After Rancho Santa Fe School District Board member Richard Burdge resigned on Monday, May 16, his open seat was filled by Friday, May 20 with the board’s appointment of Scott Kahn. Several parents expressed their concerns with the “abbreviated” process both at the public interview session on May 20 and a special meeting on May 17.
Parent Heather Slosar said the “fast track approach” did not allow the community’s voices to be heard nor did it cast a big enough net for quality board members when it was “hastily crammed” into four days.
“In under 24 hours, this appointee will be involved in interviewing and selecting our next superintendent,” Slosar said, referencing the next day’s session interviewing superintendent candidates. “Parents and voters should all be concerned by the precedent set of strategic appointments being set by this school board. By strategic we all know that the person appointed today will run on the November ballot with the all important word ‘incumbent’ next to their name which gives a significant advantage in the election.”
The district went through a similar process in 2011, when current board President Tyler Seltzer was appointed. Jim Cimino resigned on July 29 due to a move and the board met on Aug. 16 to discuss how to proceed. The deadline for candidate filings was Aug. 29 and the Seltzer was appointed Sept. 12 after a public interview session with six candidates.
Burdge’s resignation was announced May 16 and at the special meeting on May 17, Delaney said she already had the paperwork for three candidates. Seltzer said the only reason they would need a longer timeline is if they had trouble finding candidates — by Friday, the number of candidates had grown to five.
“One of the reasons I personally felt comfortable moving forward was I just knew that there were many, many good candidates out there and interested people,” Seltzer said. “It is sincerely and truly gratifying and inspiring to have so many qualified people come through in such a short period of time. It never ceases to amaze me the quality people we have in this community.”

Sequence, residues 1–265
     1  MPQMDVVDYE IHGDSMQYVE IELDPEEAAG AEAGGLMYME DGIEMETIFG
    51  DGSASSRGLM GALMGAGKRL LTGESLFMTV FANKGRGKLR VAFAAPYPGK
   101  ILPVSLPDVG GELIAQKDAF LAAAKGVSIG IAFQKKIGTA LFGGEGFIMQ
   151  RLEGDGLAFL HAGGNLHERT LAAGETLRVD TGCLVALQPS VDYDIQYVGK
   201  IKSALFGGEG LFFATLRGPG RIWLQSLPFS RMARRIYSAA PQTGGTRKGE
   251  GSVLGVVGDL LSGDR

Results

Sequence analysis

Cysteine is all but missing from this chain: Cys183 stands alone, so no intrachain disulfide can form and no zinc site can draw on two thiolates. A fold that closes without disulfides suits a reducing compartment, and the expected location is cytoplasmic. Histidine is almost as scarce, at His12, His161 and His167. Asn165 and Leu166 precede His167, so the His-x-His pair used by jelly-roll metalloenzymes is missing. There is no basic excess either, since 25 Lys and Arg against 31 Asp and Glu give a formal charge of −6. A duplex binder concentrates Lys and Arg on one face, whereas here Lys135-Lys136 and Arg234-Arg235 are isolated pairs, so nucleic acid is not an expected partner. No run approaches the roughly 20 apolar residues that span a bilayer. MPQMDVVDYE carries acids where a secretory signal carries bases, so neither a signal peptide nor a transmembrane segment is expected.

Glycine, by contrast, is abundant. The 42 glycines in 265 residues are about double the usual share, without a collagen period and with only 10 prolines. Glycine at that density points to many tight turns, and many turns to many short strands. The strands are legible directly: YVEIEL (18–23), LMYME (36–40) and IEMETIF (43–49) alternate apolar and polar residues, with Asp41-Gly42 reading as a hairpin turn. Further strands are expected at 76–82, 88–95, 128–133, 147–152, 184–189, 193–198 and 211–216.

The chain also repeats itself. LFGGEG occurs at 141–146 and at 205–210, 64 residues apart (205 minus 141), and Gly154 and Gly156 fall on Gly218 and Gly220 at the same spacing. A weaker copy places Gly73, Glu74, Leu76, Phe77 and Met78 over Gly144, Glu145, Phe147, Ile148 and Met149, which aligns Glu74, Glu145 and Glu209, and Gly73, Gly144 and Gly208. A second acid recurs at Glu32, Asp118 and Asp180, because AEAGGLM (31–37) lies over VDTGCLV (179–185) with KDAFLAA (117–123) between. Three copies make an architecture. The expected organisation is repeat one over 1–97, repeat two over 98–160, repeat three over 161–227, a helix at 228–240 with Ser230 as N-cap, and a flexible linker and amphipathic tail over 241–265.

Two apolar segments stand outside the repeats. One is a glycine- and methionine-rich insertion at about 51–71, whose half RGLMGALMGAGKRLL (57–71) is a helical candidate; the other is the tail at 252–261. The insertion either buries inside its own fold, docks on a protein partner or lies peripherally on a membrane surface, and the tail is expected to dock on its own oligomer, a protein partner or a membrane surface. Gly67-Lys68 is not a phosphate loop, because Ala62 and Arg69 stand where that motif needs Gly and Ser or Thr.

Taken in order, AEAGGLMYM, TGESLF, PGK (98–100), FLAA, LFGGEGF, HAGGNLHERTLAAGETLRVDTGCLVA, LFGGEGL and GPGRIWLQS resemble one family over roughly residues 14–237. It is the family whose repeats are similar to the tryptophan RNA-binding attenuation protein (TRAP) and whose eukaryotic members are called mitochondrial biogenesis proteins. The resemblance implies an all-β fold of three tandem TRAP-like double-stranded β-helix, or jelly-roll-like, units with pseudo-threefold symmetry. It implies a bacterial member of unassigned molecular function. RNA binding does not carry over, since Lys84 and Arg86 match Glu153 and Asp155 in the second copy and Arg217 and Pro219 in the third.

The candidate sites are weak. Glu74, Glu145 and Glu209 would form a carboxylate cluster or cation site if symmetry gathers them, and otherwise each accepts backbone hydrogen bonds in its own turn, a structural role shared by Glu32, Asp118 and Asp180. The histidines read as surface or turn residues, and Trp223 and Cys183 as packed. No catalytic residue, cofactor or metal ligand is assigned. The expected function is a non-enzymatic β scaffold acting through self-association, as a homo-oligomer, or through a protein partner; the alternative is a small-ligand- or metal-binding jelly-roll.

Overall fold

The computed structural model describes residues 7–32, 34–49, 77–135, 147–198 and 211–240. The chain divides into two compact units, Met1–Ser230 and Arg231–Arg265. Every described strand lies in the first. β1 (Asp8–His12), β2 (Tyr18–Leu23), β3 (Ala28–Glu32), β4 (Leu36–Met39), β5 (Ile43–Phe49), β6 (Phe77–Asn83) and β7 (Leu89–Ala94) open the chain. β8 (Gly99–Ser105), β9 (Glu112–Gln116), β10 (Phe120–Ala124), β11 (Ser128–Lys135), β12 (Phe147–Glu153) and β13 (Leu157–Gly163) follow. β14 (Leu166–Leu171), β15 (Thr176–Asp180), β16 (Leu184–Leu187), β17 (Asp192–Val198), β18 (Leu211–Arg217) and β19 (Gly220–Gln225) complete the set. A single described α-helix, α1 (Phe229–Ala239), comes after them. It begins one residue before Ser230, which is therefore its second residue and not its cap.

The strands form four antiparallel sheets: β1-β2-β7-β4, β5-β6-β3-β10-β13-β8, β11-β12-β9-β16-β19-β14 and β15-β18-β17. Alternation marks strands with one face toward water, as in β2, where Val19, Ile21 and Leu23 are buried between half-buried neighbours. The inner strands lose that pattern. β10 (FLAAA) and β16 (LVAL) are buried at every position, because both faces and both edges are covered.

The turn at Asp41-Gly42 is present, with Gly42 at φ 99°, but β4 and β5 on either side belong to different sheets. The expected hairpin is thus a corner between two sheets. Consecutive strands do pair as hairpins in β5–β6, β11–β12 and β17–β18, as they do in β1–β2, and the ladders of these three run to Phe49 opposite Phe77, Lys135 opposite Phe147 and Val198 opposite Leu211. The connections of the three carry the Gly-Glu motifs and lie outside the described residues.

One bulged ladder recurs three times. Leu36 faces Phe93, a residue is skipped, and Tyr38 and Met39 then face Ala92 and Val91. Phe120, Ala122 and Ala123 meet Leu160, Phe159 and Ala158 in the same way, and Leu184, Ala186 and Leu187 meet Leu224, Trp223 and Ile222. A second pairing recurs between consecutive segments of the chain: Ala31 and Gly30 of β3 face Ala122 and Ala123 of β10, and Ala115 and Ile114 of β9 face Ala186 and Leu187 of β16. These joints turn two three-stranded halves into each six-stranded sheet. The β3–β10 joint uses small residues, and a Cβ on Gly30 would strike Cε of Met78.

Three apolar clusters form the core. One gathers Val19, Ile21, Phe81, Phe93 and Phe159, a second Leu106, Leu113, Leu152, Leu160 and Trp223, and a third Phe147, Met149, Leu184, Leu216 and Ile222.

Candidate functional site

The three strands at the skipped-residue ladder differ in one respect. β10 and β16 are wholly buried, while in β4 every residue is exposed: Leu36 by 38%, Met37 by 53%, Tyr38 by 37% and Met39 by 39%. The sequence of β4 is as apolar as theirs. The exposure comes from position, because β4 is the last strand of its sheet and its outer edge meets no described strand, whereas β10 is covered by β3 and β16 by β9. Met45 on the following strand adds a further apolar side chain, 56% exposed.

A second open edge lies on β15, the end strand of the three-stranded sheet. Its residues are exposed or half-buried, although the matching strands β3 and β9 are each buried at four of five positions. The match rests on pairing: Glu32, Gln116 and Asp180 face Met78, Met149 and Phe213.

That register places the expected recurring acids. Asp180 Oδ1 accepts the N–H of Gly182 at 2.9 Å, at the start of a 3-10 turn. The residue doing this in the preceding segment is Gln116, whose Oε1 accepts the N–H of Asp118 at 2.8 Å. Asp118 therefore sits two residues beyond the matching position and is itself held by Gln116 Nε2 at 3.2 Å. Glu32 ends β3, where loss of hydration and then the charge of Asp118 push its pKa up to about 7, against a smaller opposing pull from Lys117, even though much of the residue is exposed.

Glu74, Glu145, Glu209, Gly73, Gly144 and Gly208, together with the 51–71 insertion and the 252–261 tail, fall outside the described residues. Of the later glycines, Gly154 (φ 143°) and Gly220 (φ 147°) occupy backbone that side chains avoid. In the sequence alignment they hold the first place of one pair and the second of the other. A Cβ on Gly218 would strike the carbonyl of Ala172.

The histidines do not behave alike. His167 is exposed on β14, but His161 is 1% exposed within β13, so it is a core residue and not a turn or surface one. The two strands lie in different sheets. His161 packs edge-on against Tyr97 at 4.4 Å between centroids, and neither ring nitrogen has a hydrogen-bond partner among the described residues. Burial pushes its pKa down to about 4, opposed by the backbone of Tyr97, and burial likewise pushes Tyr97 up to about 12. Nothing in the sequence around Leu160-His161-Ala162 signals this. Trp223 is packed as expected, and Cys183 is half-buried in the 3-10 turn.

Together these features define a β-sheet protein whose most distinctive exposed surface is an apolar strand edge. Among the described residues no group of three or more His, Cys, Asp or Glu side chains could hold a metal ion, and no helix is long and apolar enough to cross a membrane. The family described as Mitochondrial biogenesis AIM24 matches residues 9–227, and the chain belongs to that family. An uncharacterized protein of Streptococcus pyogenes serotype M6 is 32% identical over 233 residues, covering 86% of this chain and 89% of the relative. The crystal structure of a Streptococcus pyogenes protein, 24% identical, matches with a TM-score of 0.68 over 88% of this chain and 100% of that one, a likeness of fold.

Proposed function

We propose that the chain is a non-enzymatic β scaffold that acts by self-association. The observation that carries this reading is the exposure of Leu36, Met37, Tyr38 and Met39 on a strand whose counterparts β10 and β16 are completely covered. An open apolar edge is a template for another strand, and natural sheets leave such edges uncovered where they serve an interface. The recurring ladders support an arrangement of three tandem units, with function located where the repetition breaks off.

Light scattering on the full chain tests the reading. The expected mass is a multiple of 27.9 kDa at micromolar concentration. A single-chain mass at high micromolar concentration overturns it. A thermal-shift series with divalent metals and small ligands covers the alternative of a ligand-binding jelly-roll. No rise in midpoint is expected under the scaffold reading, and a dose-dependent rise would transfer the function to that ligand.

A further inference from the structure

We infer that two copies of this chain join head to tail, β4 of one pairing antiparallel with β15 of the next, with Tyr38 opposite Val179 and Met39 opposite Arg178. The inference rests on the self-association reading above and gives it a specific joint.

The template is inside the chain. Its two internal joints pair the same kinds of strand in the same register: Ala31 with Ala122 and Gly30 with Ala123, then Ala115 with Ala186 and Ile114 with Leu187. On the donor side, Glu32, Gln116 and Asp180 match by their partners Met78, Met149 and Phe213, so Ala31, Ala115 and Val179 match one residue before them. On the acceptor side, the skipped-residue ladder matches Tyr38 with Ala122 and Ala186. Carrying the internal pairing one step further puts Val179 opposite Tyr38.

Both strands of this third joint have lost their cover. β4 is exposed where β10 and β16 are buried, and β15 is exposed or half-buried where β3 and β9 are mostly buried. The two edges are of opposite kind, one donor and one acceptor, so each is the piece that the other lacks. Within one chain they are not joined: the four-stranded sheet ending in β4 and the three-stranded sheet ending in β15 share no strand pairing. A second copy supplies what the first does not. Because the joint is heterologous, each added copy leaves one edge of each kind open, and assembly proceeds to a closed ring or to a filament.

According to Music Watson, chief communications officer of the San Diego County Office of Education, under California Education Code, school boards have 60 days from the date the resignation is filed to make a provisional appointment to fill the vacancy or call for a special election. In the case of the RSF board, the 60th day would be July 15.
“The Education Code does not specify the procedures for making an appointment. While the Rancho Santa Fe timeline was abbreviated, under Education Code, the board had the authority to establish its own timeline and procedures,” Watson said.
If for any reason registered voters in the district oppose the appointment, a petition can call for a special election. According to Watson, a petition calling for a special election must be signed by at least the number of registered voters of the district equal to one and a half percent of the number of registered voters at the time of the last regular election of board members.
Rancho Santa Fe had 4,248 registered voters at the time of the 2014 election so the number of signatures required to trigger a special election would be 64. The petition would need to be filed no later than June 20.
On Friday, several parents said they are pursuing signature gathering on a petition. The cost of a special election is estimated to be $160,000-$190,000. According to parent Matt Golden, it probably would not be a special election due to the timeline, it would probably fall into November’s general election so the cost would be zero.
Parent Diana Knickrehm said she believed Burdge’s resignation was a “travesty” and that the selection of a new board member should really go to a vote.
“It seems as though the board is not open to parent involvement and community participation,” Knickrehm said. “Your community elected you to make responsible choices that represent the best interest of our kids and our community. Your deadline gives only 65 hours after the surprise vacancy was announced for new candidates to declare their candidacy for the school board and submit paperwork. Reasonably speaking, who other than a pre-arranged favorite would be prepared to take this seat? The rushed timing is neither necessary nor in the best interest of our district.”